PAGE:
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Chairs, Benches And Stools – FineWoodworking

Chairs, Benches And Stools – FineWoodworkingMuseum benchBuild a Simple StoolHow I Make a Rocker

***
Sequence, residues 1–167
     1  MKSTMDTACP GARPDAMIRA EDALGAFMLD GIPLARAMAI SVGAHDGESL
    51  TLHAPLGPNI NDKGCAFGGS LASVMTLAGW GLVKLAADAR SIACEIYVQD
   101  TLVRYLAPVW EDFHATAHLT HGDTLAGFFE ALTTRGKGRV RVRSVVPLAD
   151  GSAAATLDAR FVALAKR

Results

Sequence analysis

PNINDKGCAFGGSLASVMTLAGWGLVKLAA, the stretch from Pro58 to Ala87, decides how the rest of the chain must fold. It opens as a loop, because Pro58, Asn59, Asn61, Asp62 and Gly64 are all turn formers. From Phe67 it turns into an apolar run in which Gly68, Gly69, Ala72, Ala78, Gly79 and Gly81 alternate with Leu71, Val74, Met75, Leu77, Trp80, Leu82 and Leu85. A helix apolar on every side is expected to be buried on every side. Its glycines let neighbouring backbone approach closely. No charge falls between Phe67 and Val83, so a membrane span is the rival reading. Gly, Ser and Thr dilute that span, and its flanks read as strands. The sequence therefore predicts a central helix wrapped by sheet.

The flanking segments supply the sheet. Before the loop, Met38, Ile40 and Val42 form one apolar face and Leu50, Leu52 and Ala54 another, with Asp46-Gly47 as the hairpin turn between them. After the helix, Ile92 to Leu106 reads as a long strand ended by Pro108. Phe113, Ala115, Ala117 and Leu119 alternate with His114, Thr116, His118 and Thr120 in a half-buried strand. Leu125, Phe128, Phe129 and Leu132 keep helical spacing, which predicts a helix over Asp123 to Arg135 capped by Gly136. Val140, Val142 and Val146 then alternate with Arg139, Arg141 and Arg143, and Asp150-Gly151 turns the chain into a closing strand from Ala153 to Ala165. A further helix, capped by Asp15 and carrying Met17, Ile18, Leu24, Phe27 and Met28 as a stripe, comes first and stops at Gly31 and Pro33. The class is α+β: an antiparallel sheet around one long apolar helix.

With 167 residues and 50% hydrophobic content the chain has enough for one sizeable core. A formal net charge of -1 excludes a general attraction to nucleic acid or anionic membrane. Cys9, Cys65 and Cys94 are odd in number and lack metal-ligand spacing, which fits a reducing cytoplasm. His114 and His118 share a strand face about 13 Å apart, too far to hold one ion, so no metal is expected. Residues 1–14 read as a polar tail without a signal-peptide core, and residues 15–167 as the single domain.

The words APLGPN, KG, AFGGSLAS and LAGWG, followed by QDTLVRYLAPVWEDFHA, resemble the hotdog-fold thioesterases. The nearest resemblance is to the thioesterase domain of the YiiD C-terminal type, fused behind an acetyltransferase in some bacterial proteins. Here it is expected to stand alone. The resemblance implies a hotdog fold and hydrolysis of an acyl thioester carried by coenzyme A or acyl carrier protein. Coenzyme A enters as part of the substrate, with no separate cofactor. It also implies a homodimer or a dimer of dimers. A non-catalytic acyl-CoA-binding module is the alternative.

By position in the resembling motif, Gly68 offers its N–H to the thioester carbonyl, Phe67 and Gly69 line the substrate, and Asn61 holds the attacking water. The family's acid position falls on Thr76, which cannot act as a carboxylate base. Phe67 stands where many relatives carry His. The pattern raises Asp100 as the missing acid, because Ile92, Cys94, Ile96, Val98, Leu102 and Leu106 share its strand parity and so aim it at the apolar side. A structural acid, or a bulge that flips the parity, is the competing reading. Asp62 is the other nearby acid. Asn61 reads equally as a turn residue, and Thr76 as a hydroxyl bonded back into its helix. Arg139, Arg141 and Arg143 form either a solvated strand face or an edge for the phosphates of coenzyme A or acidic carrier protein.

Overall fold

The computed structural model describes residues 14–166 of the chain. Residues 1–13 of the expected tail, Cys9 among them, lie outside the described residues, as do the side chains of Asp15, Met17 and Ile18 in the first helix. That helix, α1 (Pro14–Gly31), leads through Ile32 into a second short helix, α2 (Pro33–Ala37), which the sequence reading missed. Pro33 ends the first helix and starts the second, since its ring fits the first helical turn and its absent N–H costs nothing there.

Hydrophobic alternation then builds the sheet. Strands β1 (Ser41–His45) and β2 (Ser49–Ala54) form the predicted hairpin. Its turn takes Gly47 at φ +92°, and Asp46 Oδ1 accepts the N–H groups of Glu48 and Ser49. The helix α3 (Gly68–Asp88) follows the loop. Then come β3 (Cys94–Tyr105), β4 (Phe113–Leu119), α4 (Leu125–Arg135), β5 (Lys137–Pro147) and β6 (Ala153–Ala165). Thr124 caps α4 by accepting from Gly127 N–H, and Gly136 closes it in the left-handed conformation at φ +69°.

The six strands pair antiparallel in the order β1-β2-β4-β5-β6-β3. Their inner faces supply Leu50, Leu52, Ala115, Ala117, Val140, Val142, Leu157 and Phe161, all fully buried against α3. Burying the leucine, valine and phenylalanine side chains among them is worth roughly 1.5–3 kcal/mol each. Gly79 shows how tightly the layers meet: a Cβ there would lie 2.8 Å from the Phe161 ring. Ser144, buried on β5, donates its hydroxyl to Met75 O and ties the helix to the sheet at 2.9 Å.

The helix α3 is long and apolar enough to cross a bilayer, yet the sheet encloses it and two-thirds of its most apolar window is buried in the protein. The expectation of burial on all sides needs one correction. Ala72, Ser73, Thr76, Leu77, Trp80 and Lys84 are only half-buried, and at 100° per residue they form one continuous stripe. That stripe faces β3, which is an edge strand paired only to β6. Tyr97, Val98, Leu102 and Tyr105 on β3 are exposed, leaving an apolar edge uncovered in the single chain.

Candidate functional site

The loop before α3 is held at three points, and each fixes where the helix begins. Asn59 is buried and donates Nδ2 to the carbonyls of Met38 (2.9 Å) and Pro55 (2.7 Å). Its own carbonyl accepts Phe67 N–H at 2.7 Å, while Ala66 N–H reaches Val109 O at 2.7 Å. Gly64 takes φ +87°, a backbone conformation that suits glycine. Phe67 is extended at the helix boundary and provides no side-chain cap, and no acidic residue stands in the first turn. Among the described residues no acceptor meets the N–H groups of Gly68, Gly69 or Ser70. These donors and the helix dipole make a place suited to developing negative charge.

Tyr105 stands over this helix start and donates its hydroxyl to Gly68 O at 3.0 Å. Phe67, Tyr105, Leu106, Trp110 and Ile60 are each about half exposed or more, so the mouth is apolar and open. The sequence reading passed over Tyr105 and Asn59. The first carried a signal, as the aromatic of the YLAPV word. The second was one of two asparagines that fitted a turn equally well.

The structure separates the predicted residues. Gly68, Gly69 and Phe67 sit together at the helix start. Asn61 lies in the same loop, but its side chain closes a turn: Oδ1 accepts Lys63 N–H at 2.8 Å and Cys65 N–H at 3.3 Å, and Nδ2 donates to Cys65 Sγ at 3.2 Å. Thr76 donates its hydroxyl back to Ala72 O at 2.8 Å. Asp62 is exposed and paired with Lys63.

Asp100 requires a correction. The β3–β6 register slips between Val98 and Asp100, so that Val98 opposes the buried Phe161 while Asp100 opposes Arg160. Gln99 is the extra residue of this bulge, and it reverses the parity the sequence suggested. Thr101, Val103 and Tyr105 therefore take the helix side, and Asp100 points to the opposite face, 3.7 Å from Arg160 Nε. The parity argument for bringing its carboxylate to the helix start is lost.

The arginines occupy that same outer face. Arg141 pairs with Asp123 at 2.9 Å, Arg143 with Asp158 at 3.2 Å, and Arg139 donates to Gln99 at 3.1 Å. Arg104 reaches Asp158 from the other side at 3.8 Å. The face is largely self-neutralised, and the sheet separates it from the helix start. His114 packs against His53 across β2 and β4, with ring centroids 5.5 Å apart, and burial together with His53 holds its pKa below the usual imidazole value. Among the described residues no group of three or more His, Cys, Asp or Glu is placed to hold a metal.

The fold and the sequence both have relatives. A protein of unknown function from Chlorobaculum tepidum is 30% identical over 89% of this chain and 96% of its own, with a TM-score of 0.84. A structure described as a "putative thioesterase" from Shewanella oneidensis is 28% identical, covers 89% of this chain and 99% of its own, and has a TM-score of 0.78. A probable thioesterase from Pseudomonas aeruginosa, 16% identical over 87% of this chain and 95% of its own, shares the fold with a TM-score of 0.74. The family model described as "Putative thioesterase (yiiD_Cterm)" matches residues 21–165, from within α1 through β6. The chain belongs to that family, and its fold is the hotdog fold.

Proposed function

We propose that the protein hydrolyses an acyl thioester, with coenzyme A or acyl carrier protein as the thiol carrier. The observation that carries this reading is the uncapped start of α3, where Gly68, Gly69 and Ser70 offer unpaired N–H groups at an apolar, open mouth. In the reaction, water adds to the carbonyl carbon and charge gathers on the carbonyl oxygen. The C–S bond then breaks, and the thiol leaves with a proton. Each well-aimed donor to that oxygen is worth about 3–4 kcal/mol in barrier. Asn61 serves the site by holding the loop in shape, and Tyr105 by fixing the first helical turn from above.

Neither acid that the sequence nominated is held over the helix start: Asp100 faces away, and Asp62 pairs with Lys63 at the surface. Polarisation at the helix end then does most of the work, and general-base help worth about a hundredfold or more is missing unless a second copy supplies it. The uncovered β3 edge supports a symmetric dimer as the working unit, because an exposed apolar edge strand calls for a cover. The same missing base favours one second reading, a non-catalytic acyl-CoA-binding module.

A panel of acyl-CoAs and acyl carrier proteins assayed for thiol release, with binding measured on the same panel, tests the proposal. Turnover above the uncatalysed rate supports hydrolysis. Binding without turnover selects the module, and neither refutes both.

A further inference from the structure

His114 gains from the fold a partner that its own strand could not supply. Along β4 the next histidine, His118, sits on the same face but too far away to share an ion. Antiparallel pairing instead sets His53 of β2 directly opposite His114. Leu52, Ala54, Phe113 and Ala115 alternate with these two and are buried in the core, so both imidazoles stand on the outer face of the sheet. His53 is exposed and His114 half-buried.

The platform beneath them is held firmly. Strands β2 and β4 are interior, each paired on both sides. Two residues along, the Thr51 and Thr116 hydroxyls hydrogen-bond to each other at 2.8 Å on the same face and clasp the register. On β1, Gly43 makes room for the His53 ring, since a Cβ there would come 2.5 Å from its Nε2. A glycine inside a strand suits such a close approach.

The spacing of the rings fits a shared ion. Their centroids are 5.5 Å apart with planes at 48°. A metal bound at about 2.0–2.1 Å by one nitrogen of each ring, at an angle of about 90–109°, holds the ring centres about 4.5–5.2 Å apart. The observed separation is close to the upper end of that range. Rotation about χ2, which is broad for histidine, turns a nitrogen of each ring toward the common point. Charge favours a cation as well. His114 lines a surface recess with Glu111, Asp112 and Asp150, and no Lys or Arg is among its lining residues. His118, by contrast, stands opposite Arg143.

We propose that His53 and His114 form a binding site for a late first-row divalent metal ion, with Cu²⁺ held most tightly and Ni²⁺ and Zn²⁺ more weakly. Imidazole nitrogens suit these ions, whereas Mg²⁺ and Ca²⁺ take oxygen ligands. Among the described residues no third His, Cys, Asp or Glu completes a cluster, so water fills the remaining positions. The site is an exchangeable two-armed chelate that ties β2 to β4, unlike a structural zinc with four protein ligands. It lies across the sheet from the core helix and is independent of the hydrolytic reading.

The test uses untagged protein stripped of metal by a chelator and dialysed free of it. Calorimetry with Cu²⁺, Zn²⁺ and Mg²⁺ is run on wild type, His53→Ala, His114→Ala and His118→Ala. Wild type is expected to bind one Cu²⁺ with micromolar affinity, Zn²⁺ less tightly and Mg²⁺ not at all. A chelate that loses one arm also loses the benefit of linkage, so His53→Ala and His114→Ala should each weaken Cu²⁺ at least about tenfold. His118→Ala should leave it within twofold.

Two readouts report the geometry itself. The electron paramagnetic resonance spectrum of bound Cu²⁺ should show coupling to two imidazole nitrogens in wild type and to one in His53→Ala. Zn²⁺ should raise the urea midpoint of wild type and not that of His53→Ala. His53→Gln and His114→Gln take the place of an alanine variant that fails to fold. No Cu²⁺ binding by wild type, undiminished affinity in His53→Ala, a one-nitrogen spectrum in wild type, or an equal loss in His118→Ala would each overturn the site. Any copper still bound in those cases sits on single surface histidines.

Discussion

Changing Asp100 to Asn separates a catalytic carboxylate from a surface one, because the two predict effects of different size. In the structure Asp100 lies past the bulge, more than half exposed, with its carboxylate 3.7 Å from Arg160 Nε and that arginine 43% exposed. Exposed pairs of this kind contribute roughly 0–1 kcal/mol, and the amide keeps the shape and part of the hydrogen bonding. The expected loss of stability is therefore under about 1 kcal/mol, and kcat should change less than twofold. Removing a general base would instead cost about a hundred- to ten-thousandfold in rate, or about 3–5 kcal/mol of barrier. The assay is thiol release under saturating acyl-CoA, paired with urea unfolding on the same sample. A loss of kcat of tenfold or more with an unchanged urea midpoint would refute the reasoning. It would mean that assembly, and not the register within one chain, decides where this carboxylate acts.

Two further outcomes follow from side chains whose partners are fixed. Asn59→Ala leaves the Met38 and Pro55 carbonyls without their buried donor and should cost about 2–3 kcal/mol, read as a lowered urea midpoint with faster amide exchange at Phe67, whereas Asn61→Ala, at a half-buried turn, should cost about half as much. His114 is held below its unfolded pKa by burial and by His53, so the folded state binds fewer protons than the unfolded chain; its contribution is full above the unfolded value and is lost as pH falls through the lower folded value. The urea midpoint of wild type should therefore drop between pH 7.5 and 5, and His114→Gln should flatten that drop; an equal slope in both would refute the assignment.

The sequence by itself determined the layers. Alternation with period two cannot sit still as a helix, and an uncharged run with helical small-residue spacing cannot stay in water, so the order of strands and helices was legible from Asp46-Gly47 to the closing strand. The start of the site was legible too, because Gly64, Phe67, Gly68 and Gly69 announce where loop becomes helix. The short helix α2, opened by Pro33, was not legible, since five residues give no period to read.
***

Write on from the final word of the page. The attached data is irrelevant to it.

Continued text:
http://www.finewoodworking.com/category/chairs-benches-and-stools/feed/ Expert advice on woodworking and furniture making, with thousands of how-to videos, step-by-step articles, project plans, photo galleries, tool reviews, blogs, and more http://www.finewoodworking.com/2016/12/02/museum-bench http://www.finewoodworking.com/?p=226744 <img src=”http://s3.amazonaws.com/finewoodworking.s3.tauntoncloud.com/app/uploads/2016/11/29114944/011259032-700×394.jpg” alt=”Article Image”/><p>Simple but not boring was the goal for this bench, which incorporates two tilted planes for the seat and wide, solid legs pierced with a keyhole slot at the center. Hurwitz refined the design in scale models and made a one-seat mockup to test the seat for comfort before he and his assistant built the real thing out of red elm.</p><div class=”article__cta fww-newsletter” readability=”31.5″> <div class=”article__cta__form” readability=”33″> <p class=”article__cta__heading”>Get woodworking tips, expert advice and special offers in your inbox</p> <span class=”js-close article__cta__close”>×</span></div> </div> <a class=”button__pdf-download” data-ga-event=”PDF Download” href=”http://www.finewoodworking.com/membership/pdf/226744/011259032.pdf” target=”_blank”>View PDF</a> <p><strong><a href=”https://blockads.fivefilters.org”></a></strong> <a href=”https://blockads.fivefilters.org/acceptable.html”>(Why?)</a></p> Fri, 02 Dec 2016 13:51:15 +0000 article Museum bench – FineWoodworking Simple but not boring was the goal for this bench, which incorporates two tilted planes for the seat and wide, solid legs pierced with a keyhole slot at the center http://www.finewoodworking.com/2016/12/02/museum-bench http://s3.amazonaws.com/finewoodworking.s3.tauntoncloud.com/app/uploads/2016/11/29114944/011259032.jpg summary_large_image Simple but not boring was the goal for this bench, which incorporates two tilted planes for the seat and wide, solid legs pierced with a keyhole slot at the center Museum bench – FineWoodworking http://s3.amazonaws.com/finewoodworking.s3.tauntoncloud.com/app/uploads/2016/11/29114944/011259032.jpg en-US text/html http://www.finewoodworking.com/2016/12/02/museum-bench Chairs, Benches And Stools Design http://www.finewoodworking.com/2016/07/27/build-a-simple-stool http://beta.finewoodworking.com/2016/07/27/build-a-simple-stool <img src=”http://s3.amazonaws.com/finewoodworking.s3.tauntoncloud.com/app/uploads/2016/09/05201438/011256058_build-a-simple-stool-main.jpg” alt=”Article Image”/><p>Each of Fabian Fischer’s stools has its own character. He makes them with hand tools from a variety of woods and leaves the tool marks that make them unique. Here he builds a comfortable stool sized to sit at a workbench. Simply change the height for different uses. You’ll learn how to shape the seat, form the legs and stretchers, including their mortises and tenons, and assemble the stool.</p><div class=”article__cta fww-newsletter” readability=”31.5″> <div class=”article__cta__form” readability=”33″> <p class=”article__cta__heading”>Get woodworking tips, expert advice and special offers in your inbox</p> <span class=”js-close article__cta__close”>×</span></div> </div> <a class=”button__pdf-download” data-ga-event=”PDF Download” href=”http://www.finewoodworking.com/membership/pdf/2508/011256058.pdf” target=”_blank”>View PDF</a> <p><strong><a href=”https://blockads.fivefilters.org”></a></strong> <a href=”https://blockads.fivefilters.org/acceptable.html”>(Why?)</a></p> Wed, 27 Jul 2016 04:00:00 +0000 Fabian Fischer article Build a Simple Stool – FineWoodworking Fast, fun approach to making a comfortable, casual seat http://www.finewoodworking.com/2016/07/27/build-a-simple-stool http://s3.amazonaws.com/finewoodworking.s3.tauntoncloud.com/app/uploads/2016/09/05201438/011256058_build-a-simple-stool-thumb2.jpg summary_large_image Fast, fun approach to making a comfortable, casual seat Build a Simple Stool – FineWoodworking http://s3.amazonaws.com/finewoodworking.s3.tauntoncloud.com/app/uploads/2016/09/05201438/011256058_build-a-simple-stool-thumb2.jpg en-US text/html http://www.finewoodworking.com/2016/07/27/build-a-simple-stool Chairs, Benches And Stools Stools http://www.finewoodworking.com/2016/02/10/how-i-make-a-rocker http://beta.finewoodworking.com/2016/02/10/how-i-make-a-rocker <!– video –> <figure class=”article__image–main”><img src=”http://s3.amazonaws.com/finewoodworking.s3.tauntoncloud.com/app/uploads/2016/09/05201106/011253082_maloof-rocker-main.jpg” alt=”Article Image”/></figure><p>Take a look back at this classic article from FWW #42, in which the celebrated furniture maker Sam Maloof explains how he makes his timeless rocker designs.</p> <!– Module CTA (Contains Email Form) –> <div class=”article__cta fww-newsletter” readability=”31.5″> <div class=”article__cta__form” readability=”33″> <p class=”article__cta__heading”>Get woodworking tips, expert advice and special offers in your inbox</p> <span class=”js-close article__cta__close”>×</span> </div> <!– /__form –> </div> <!– /__cta –> <a class=”button__pdf-download” data-ga-event=”PDF Download” href=”http://www.finewoodworking.com/membership/pdf/20140/011253082.pdf” target=”_blank”>View PDF</a> <!– Review –> <!– Embedded Related Articles –> <!– Modal Slideshow –> <!– In-read –> <p><strong><a href=”https://blockads.fivefilters.org”></a></strong> <a href=”https://blockads.fivefilters.org/acceptable.html”>(Why?)</a></p> Wed, 10 Feb 2016 05:00:00 +0000 Sam Maloof article How I Make a Rocker – FineWoodworking <span style=”font-size: 10pt”>Take a look back at this classic article from FWW #42, in which the celebrated furniture maker Sam Maloof explains how he makes his timeless rocker designs.</span> http://www.finewoodworking.com/2016/02/10/how-i-make-a-rocker http://s3.amazonaws.com/finewoodworking.s3.tauntoncloud.com/app/uploads/2016/09/05201106/011253082_maloof-rocker-thumb2.jpg summary_large_image <span style=”font-size: 10pt”>Take a look back at this classic article from FWW #42, in which the celebrated furniture maker Sam Maloof explains how he makes his timeless rocker designs.</span> How I Make a Rocker – FineWoodworking http://s3.amazonaws.com/finewoodworking.s3.tauntoncloud.com/app/uploads/2016/09/05201106/011253082_maloof-rocker-thumb2.jpg en-US text/html http://www.finewoodworking.com/2016/02/10/how-i-make-a-rocker Carving Chairs, Benches And Stools Carving – Sculptural Chairs – Rocking